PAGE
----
[Maxima] Questions for using Lisp language to built the computer algebra systems.
bruno.daniel at gmx.net
Tue Sep 18 06:12:26 CDT 2007
take a look at SBCL or CMUCL. These are quite efficient implementations of the
Common Lisp standard, see http://norvig.com/python-lisp.html , for
example. They are much faster than Python or Java and can reach speed similar
to C++ or Fortran 90 if you know how to code the hot spots of your program in
Lisp efficiently. Some constructions of the language are even faster than the
corresponding C++ construction, e.g. exception handling.
The Common Lisp standard offers many datatypes besides just lists. You can use
arrays, structs, classes etc. as in any other language, see
"Lisp is, of course, famous for its list data structure, and most Lisp books,
following the ontogeny-recapitulates-phylogeny principle of language
instruction, start their discussion of Lisp's collections with lists. However,
that approach often leads readers to the mistaken conclusion that lists are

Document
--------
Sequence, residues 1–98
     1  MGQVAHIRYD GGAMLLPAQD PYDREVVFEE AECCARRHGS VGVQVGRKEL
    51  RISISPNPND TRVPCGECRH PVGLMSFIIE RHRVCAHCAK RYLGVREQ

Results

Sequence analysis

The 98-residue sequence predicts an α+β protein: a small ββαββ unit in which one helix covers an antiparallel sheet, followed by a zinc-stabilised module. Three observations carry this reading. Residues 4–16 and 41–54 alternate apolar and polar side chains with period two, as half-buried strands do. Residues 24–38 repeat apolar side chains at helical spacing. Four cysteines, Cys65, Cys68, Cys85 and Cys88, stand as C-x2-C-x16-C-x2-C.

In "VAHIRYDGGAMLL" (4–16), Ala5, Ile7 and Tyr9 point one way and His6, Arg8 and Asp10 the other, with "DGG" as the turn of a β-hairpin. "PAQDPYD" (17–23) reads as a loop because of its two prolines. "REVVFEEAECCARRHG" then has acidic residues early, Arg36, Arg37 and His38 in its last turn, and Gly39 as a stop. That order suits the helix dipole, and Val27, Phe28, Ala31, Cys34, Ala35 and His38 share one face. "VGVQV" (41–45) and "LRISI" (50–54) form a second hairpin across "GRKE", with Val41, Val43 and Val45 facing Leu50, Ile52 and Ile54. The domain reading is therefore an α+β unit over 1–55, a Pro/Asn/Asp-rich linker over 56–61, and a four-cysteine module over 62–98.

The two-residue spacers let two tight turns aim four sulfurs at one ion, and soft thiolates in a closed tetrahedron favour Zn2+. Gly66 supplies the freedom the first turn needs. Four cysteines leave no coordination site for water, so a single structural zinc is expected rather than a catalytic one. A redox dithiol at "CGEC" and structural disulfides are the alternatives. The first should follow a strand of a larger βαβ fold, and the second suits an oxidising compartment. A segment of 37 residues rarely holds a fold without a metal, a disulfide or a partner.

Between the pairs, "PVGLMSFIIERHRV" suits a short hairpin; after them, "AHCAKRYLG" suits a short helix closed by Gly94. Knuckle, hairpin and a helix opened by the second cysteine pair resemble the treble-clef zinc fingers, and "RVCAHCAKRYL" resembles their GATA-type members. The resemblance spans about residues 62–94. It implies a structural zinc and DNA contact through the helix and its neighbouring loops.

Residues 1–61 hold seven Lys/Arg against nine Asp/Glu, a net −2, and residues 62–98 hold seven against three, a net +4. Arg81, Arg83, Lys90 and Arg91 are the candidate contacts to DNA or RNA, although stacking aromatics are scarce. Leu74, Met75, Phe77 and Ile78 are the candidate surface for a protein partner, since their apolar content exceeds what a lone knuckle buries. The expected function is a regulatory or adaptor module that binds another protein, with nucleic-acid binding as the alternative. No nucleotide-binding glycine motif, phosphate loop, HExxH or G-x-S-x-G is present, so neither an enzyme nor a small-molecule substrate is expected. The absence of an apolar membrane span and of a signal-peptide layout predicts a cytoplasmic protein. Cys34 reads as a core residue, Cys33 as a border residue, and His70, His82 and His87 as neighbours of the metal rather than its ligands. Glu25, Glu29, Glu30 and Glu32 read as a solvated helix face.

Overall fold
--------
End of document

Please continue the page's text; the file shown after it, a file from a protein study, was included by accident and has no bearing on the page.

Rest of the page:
Lisp's only collection type. To make matters worse, because Lisp's lists are
such a flexible data structure, it is possible to use them for many of the
things arrays and hash tables are used for in other languages. But it's a
mistake to focus too much on lists; while they're a crucial data structure for
representing Lisp code as Lisp data, in many situations other data structures
are more appropriate.
To keep lists from stealing the show, in this chapter I'll focus on Common
Lisp's other collection types: vectors and hash tables.1 However, vectors and
lists share enough characteristics that Common Lisp treats them both as
subtypes of a more general abstraction, the sequence. Thus, you can use many
of the functions I'll discuss in this chapter with both vectors and lists."
A big advantage of Lisp is that you can easily compile new functions to
machine code at runtime. This turns out to be quite important for some
applications of computer algebra systems, see my posting on this mailing list a
few weeks ago:
Other computer algebra systems usually have to resort to some byte code for the
user-defined functions. Lisp can compile them to machine code.
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